w's pasta with the freshest of pestos!

Next up, a basket of the anchovies and bacalao fritters, which I proceeded to gorge myself on. w had the self-control to stop when she was full, and while this is a skill I admire in others, I have to admit I am weak and prone to succumbing to temptation, especially when it takes the form of these little bits and balls of salty goodness that were so fucking good!
fried anchovies and fritelli bacalao

We had a bit of house vino bianco out of a tap, finished with an espresso, and wandered out into the mid-afternoon sunshine blissfully satisfied.

Cinque Terre, pt. 3...Crashing down

It had to come to an end. An so it did, this string of delicious, fresh satisfying meals came resoundingly, thuddingly, hectically, and rudely to a halt last night at what is supposedly the best restaurant in Manarola, the harborside Marina Piccola. This gets mentioned in most of the guidebooks and online articles as the place for the freshest, most well prepared food in town.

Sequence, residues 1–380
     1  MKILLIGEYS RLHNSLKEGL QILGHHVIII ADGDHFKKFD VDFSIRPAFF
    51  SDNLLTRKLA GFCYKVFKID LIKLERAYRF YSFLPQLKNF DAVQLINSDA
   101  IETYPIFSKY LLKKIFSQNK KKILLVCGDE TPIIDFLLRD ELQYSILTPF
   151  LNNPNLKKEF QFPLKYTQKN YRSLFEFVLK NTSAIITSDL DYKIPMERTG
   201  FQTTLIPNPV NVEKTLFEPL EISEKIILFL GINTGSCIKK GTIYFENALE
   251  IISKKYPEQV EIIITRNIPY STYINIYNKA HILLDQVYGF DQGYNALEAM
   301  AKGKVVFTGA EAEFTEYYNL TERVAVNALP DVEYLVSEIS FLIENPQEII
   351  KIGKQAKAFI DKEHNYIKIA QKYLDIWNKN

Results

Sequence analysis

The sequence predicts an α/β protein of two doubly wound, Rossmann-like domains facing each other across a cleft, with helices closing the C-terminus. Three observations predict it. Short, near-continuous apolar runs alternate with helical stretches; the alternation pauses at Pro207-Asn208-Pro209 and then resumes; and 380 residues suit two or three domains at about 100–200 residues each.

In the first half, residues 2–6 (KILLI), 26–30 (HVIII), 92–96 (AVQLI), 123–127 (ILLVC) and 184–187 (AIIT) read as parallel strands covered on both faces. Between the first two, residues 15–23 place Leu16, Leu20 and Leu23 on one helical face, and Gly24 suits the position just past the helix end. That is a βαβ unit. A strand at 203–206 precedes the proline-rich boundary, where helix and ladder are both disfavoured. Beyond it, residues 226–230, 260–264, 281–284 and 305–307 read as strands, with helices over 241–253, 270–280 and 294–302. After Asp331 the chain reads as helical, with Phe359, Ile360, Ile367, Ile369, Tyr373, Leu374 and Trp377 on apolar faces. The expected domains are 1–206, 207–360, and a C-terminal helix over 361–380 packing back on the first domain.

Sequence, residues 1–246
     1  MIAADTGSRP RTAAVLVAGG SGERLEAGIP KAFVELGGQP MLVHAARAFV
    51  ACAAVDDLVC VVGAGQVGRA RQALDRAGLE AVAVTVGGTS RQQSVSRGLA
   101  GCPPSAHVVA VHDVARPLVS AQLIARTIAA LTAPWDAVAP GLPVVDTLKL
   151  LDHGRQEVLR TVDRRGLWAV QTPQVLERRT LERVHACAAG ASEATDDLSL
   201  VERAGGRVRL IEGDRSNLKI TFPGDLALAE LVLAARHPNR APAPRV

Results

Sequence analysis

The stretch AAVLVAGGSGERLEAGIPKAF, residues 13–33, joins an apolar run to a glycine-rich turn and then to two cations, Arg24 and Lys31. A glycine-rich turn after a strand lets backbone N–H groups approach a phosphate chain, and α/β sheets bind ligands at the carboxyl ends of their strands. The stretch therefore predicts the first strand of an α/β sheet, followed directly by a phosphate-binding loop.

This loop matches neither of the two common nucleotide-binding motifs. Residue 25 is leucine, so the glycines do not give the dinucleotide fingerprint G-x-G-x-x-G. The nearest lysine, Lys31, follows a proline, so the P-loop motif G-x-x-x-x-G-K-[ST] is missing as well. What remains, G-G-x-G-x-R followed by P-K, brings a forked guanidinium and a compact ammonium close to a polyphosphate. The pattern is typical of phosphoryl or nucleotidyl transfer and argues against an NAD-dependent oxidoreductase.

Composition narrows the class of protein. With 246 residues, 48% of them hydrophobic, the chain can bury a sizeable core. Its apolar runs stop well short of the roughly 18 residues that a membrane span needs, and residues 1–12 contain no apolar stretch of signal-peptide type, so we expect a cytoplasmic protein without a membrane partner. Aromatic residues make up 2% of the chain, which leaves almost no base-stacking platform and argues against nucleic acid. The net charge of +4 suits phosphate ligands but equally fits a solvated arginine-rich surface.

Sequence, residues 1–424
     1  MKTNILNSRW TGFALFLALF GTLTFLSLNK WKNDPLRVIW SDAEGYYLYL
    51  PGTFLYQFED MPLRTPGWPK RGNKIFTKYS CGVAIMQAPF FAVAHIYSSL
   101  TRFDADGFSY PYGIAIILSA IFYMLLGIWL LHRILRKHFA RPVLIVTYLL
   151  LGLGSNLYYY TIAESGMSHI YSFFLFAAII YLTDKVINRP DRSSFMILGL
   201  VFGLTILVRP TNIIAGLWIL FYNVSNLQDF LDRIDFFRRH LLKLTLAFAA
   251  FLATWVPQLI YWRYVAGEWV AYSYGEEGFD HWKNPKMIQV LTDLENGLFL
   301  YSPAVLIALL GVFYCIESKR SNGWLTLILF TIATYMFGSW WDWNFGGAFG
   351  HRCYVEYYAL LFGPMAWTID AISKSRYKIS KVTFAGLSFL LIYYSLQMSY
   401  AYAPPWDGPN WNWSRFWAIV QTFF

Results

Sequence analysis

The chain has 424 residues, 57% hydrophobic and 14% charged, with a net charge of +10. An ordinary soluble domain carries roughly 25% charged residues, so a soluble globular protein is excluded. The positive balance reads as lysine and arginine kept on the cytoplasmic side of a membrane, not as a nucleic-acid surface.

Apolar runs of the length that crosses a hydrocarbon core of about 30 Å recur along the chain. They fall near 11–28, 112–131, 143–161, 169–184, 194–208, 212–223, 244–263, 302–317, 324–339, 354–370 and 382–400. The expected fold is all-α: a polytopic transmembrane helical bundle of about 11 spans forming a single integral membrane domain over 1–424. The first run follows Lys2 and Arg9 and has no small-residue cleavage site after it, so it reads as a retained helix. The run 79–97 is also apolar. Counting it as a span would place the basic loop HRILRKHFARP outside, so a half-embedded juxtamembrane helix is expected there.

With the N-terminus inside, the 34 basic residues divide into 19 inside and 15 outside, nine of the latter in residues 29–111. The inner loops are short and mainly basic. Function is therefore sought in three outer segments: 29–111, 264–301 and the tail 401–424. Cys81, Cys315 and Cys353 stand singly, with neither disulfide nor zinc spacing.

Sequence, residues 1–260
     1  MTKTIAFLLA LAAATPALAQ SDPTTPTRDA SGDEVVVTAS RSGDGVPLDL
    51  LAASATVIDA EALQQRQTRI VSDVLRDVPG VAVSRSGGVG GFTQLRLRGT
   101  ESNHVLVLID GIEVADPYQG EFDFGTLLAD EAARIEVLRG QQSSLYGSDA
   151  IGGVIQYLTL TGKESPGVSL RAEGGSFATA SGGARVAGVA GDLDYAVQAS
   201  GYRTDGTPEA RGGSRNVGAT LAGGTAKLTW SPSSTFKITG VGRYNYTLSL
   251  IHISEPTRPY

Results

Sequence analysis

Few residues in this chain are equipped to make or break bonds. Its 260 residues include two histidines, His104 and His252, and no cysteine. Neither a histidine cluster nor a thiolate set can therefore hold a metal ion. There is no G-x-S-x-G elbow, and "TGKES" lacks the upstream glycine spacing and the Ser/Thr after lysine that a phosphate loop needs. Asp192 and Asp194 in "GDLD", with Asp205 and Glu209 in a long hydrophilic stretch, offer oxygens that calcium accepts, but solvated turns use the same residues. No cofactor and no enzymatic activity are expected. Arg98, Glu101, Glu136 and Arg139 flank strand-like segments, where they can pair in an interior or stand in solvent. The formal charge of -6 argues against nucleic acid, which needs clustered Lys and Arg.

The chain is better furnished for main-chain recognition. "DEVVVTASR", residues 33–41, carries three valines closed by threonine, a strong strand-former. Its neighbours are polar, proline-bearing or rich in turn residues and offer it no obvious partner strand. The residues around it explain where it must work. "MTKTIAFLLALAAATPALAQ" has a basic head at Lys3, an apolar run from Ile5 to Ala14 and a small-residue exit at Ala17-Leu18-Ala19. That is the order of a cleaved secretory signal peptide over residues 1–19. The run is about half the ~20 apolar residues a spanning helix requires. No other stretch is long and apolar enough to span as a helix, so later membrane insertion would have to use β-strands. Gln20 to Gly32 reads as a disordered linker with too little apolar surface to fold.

We wasted a precious dinner, and the most money we had spent on any dinner on this trip. Here’s what we got: A harried floor guy who brusquely shows you to your table. Menus and wine list thrown onto the table. A female server, looking like she had either just had or was in need of her next fix, running, literally, back and forth past your table with food, water, stopping by the kitchen door for a quick drag on her cigarette every chance she got. Very mediocre apps come quickly, but after tasting them you wish they hadn’t come at all. More people show up, filling even more tightly the cramped outdoor dining room. Chaos edges ever closer, threatening to engulf the entire place. Unfortunately our entrees arrive, w’s a barely acceptable plate of roasted sardines in a too thick tomato sauce. Mine is even more ludicrous. I ordered an oven roasted branzino, expecting a finely prepared, fresh piece of local flavor. What I got was a whole fish swimming in a pool of olive oil. Had he still been alive, I swear he could have done laps. All around us, things appear to be spiraling. Waiters rush by with hot plates of food in their hands and confused looks on their faces. Going from table to table, trying to find out who ordered what. Newcomers are seated at tables that haven’t even been cleaned after the exit of the last unfortunate souls who sat there. There’s an air of hostility swirling about. I grab a server, pay the ransom, and we beat a hasty retreat.